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by Miles Mathis

First posted May 15, 2008
Abstract: by importing my Unified Field into Rutherford's scattering equations I am able to show that the diameter of the nucleus has been underestimated. Specifically, I show that the equation for the impact parameter is compromised by importing a mass into a charge field without transforming it in any way. Using simple math I am able to develop this transform, proving that the historical method has been both incomplete and (in many ways) false. This recalibration of the scattering equations changes the size estimate of the nucleus, as well as all other atomic and quantum sizes. It also gives us an elegant method for showing where the so-called fine structure constant comes from, solving what Feyman dubbed one the most important problems of the 20th century.

The atomic diameter is currently thought to be on the order of one angstrom or 10-10 meters. The proton radius is thought to be 100,000 times smaller. Both numbers were arrived at by scattering experiments. The first important experiments in scattering of this sort were done by Rutherford and his students Geiger and Marsden in 1909. Rutherford developed an equation at that time to estimate the size of the gold nucleus (which nucleus was doing the scattering in his experiments), and his assumptions have never been questioned. Both his equations and his size estimates remain in use today. They have been updated but have never been seriously recalibrated, much less reworked. Electron scattering has improved the accuracy of Rutherford's size estimates—since the beta particle is smaller than the alpha particle Rutherford and his students were using—but the theory of scattering has not changed in a century.

Rutherford's equation is called the Rutherford formula:

N(θ) = NinLZ2k2e4/4r2K2sin4(θ /2)

This equation is arrived at by treating the scattering as due to the Coulomb force, with the nucleus as a point-charge Ze. This equation matches data up to a certain kinetic energy, but fails after that. Rutherford assumed the failure in his experiment was due to alpha particle interaction with the body of the nucleus itself, bringing not only the charge but the mass in to play. Later physicists have assigned this failure to interaction with the strong force. Either way, this "departure from the Rutherford formula" is what creates a method for finding the size of the nucleus and thereby the proton.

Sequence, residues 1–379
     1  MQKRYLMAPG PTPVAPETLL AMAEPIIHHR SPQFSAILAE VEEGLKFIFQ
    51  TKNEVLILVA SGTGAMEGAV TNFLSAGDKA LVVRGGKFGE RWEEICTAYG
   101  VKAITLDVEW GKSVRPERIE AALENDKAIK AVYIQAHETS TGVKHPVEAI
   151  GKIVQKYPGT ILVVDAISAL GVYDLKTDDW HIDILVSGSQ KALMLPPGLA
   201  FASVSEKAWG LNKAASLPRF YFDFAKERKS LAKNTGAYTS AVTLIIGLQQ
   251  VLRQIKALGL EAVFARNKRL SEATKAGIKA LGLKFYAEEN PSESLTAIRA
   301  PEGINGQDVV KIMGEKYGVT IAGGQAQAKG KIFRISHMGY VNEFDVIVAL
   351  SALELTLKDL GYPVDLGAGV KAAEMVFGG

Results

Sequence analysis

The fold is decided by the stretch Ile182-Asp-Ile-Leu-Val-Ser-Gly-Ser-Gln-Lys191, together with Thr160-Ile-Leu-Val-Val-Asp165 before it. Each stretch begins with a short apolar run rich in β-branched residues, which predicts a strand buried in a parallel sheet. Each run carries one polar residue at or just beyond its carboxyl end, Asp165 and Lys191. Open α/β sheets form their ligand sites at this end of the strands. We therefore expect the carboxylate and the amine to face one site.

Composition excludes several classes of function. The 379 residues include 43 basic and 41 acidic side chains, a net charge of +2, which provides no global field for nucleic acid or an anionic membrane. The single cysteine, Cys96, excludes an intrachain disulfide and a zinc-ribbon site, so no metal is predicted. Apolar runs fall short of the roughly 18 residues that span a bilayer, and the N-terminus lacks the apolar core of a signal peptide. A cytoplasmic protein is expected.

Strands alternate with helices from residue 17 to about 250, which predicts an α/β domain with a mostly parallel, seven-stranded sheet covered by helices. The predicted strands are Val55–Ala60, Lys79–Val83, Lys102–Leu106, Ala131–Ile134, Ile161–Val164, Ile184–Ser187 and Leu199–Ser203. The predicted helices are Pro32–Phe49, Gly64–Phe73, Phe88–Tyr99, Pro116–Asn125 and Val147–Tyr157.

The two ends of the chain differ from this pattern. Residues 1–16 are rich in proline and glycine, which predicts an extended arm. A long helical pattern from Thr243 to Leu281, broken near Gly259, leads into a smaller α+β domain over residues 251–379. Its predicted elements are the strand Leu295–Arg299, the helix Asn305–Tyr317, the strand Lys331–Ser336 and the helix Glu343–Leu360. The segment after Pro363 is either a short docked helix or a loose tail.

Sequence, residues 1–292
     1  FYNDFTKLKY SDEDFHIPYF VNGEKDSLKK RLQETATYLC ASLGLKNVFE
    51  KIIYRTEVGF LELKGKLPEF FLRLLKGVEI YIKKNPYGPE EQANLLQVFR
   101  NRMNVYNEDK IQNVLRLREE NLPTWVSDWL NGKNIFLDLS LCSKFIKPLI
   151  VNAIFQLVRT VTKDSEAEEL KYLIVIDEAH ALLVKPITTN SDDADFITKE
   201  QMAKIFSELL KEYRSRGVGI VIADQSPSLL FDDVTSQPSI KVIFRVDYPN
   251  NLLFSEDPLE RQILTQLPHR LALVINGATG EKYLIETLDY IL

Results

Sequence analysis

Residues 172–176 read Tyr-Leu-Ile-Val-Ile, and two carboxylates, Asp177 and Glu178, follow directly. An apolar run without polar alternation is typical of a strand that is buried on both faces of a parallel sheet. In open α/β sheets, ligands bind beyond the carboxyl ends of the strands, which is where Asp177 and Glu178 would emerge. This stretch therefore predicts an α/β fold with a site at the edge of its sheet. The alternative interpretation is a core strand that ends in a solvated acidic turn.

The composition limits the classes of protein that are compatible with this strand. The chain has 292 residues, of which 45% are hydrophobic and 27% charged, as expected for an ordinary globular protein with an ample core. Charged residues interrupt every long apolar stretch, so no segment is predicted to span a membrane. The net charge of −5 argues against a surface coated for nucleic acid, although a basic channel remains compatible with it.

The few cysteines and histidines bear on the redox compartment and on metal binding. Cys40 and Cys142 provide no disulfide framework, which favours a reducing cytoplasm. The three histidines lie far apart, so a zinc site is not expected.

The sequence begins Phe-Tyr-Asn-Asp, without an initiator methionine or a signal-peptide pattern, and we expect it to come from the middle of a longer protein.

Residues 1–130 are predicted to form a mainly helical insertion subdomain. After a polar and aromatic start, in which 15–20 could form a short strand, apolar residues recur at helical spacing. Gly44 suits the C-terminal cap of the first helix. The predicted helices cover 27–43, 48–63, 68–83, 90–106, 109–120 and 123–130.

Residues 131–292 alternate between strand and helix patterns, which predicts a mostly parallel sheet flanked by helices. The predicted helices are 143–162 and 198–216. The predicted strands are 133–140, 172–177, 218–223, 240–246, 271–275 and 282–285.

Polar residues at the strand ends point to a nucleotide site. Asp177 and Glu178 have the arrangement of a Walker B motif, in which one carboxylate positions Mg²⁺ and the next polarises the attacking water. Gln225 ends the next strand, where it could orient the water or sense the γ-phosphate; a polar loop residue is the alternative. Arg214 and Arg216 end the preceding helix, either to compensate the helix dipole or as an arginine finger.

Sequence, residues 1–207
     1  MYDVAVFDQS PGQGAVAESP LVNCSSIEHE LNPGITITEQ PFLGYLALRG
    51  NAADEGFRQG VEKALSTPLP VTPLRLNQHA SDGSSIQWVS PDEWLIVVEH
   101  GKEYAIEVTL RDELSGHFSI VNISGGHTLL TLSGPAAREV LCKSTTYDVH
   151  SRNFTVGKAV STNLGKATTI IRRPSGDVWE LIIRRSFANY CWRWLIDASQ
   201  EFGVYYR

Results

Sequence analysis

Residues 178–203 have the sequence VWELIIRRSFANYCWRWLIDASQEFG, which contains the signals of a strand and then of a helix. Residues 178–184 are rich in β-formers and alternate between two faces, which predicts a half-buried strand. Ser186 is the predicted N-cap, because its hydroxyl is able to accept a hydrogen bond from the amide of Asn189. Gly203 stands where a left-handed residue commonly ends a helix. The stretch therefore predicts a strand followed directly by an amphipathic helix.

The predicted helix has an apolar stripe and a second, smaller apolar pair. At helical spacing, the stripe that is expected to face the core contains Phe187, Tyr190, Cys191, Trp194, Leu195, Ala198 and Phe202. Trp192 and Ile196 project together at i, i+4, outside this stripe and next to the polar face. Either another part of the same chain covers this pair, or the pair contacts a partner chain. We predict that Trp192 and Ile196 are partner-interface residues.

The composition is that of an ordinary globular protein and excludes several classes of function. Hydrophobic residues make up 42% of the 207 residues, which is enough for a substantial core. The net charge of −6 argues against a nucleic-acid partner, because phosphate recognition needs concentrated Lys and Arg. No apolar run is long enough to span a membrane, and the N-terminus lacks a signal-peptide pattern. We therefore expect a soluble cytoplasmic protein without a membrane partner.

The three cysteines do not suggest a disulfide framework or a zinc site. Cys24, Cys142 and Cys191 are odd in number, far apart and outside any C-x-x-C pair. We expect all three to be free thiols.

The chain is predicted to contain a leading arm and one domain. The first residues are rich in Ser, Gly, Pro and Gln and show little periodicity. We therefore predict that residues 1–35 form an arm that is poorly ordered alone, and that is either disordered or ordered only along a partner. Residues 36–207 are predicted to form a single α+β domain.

I have discovered that the math used to analyze scattering is incomplete. I say incomplete rather than false because it is correct as far as it goes. It simply fails to take into account the presence of gravity at the atomic level. This means that although its manipulations are done correctly, its assumptions are faulty. Rutherford assumes that the force can be expressed as the Coulomb force, and that therefore it is solely an electrostatic force. I will show that this is false.

The intent of this paper is not to return to the Thomson model or to throw into question the usefulness of the Coulomb equation. As I admit above, the Coulomb equation allowed Rutherford to estimate the correct answer, so it must be correct as a heuristic device over some energies, at the very least. I am also not intending to question the experimental findings of the last century. I accept that the energies and forces have been measured correctly and that the data has been read properly. I only intend to show that the force field in this scattering problem is not the single field it has been assumed to be for a century. To do this I will apply my new Unified Field to the problem of scattering and show, using that field, that we must re-assess all our size estimates at the atomic and quantum level.

In a series of papers I have shown that the charge field is present in Newton's gravitational equation F = GMm/r2. The charge field, like any other physical field that creates real forces, must be a real field. It cannot be mediated by virtual or messenger photons. It must be mediated by photons with energy and mass equivalence. This being true, this field must be present at all levels of size, not only at the quantum or charge level.